“As a result, companies had to make choices, to outsource or to bring in a system that would enable them to do the work in-house,” explains Julie Windsor, managing director at online IT business Talentia.

Translating the numbers
In the last year, hundreds of products have been upgraded, or produced to enhance the finance function’s flexibility and agility.

While many people assume that cloud technologies are riskier, Sawdye points out that too many businesses jump to the conclusion that their data is safer within their own walls – “but as many cyber security breaches have shown us, that is not always true”, she says.

The side effect of the cloud settling over the finance function is that it is helping to enlighten the rest of the organisation’s understanding of the department, explains Talentia’s Windsor: “The technology is enabling the finance function to engage more across the business.”

Now the initial products have been launched and the technology has become more mature, allowing a lot of the kinks to be addressed, the products are starting to bed in and some of the benefits are starting to take shape and change the way a company works with finance as a result. Cloud is acting as a “translator” for the finance function across the whole business, says Windsor.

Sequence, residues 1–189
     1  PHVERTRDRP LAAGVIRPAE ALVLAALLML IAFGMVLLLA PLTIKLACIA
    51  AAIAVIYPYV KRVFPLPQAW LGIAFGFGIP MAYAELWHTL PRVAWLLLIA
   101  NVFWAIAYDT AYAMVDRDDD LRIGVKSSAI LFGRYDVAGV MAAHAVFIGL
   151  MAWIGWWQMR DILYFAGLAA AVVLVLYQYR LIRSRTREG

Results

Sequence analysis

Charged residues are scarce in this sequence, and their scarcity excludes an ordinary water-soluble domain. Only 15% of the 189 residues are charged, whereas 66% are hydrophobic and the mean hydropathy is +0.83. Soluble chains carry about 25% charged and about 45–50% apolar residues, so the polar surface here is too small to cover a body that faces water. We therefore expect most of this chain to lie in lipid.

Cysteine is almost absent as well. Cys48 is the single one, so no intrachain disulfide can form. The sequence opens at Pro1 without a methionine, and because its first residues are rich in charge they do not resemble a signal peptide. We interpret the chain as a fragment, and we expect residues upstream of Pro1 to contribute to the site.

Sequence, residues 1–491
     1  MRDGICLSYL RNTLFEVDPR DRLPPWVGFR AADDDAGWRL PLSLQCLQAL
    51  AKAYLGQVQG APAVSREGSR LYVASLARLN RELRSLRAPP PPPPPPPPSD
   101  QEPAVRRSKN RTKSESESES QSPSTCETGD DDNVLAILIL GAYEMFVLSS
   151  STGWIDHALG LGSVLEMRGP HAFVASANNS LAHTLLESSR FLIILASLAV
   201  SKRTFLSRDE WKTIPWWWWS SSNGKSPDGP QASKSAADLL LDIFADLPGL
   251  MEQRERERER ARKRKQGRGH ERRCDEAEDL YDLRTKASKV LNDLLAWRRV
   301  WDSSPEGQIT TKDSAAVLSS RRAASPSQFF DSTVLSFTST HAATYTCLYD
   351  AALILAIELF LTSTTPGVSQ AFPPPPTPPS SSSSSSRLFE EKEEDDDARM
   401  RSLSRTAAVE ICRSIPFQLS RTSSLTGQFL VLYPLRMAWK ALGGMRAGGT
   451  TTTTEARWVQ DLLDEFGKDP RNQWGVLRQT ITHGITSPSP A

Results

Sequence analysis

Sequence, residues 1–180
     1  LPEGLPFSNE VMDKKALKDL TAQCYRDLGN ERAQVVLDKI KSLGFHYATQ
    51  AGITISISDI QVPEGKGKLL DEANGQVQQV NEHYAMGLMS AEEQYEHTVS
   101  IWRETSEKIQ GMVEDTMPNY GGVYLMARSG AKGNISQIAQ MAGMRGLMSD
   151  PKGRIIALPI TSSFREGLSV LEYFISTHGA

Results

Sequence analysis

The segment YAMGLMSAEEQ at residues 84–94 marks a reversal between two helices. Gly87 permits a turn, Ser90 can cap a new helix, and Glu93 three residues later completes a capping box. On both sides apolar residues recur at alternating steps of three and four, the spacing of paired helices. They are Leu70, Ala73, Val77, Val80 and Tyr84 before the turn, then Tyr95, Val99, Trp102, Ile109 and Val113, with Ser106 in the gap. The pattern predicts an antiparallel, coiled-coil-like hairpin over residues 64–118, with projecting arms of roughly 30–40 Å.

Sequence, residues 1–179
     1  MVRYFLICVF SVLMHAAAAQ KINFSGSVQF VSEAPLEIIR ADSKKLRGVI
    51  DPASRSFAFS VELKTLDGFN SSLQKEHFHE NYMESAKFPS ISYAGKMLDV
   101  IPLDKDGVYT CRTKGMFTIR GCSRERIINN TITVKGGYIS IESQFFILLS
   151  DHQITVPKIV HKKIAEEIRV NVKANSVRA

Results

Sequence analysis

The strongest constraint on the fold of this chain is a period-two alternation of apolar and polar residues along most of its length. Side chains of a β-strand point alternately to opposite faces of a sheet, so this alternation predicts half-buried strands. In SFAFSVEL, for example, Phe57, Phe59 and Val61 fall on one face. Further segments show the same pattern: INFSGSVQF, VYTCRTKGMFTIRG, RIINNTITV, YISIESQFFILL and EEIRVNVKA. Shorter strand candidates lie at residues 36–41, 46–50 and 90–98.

“Annual reporting is now a thing of the past and cloud is allowing that instant critical communication to take place,” she says. “You can’t change line managers into finance managers, but you can present the information in a tangible transparent way so that those managers can understand the financial direction of the business.”

It is critical that the issues in finance are translated across to the rest of the organisation. “Objectives throughout any business almost always start with money. Technology can bring finance into the heart of the business,” she explains.

Security risk
With the accelerating move towards integrated reporting and more scrutiny on narrative reporting in financial reports, having better communication from the finance function and through the rest of the business, allowing everyone to be on the same page, could prove invaluable.

The finance function under cloud has become more agile and approachable, adds Steve O’Neill, CFO of strategic operations for EMC Europe. Previously, only the really tech-minded directors could create the bespoke software they wanted, whereas it is now all done through the cloud, which allows companies to have bespoke software cheaper and more easily, he explains.

However, O’Neill argues that “you won’t see many large enterprises putting all their financial information into the cloud”. It seems likely that they will still rely on Excel spreadsheets, he says.

This opinion is echoed by research published by PwC, which states that just 6% of senior finance figures at large organisations are comfortable with their current technology – yet most of them are not looking to make any changes over the next two years, according to the attendees at its Finance Leaders Summit.